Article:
This is actually a question that poets and fiction writers deal with a lot, and it's fairly complicated, especially if you throw in the hybrid form of "prose poems."
If you just look at form, poetry is organized in stanzas rather than paragraphs, and emphasizes the line over the sentence. That's fairly obvious.
Then there are the simple elements of sound, which can appear in prose, as well, but are more common in poetry. This includes rhythm, rhyme, and meter, the latter two of which are not found in standard prose.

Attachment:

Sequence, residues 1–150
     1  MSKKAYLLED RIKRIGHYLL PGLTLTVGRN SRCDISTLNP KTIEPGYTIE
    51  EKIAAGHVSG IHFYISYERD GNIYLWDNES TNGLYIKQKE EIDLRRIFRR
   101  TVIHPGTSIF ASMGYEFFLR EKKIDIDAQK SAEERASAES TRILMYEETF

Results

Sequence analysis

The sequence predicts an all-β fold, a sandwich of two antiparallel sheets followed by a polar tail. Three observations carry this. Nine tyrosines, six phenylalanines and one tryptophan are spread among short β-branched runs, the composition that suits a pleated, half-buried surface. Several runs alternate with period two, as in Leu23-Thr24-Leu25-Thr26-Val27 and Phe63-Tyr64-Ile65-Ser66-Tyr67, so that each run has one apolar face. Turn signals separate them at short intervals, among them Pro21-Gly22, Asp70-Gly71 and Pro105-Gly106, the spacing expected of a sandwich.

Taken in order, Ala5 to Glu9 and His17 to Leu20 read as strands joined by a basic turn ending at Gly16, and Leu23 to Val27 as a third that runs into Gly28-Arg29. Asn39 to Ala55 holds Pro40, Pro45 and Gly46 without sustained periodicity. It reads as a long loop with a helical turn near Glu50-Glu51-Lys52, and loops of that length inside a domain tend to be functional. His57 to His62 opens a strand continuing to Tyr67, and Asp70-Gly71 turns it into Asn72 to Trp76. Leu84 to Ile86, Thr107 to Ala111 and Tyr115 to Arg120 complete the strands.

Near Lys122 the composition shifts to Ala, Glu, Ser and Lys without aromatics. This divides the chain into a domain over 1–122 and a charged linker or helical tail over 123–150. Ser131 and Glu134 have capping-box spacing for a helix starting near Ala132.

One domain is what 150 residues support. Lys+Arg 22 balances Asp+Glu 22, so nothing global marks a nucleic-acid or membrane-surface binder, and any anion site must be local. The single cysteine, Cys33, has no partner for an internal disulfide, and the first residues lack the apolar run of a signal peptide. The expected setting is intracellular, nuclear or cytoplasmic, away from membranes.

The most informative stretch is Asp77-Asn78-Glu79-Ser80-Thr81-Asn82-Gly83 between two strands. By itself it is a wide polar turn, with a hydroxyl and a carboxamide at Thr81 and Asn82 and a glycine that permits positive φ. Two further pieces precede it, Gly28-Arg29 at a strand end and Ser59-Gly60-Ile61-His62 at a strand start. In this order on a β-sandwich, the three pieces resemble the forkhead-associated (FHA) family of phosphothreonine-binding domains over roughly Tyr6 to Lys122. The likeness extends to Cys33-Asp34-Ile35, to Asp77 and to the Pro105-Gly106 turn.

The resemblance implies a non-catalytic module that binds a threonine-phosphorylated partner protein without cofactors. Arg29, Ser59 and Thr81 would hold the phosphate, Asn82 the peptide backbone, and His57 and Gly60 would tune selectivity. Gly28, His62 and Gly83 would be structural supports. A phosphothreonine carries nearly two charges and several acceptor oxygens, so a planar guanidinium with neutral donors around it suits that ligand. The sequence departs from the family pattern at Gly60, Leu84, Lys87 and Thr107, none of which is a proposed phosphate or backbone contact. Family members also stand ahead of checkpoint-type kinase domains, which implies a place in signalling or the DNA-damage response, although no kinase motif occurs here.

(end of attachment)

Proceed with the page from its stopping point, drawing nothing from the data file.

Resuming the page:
Poetry can indeed be more of an experience of "feeling" than some prose, but not always: consider the form of the epic poem, which relates a narrative, in contrast to the lyric poem, which is usually more (self)-expressive.
The best practical definition I've found in my writing career is that poetry, unlike prose, says that which cannot be summarized, and, in a truly excellent poem, cannot be expressed in any other way than the poet has chosen to phrase it.
For questions like these, it's really useful to consult dictionaries devoted to literary terms, as most standard dictionaries will not elaborate on this difference for you.
Hope this helps!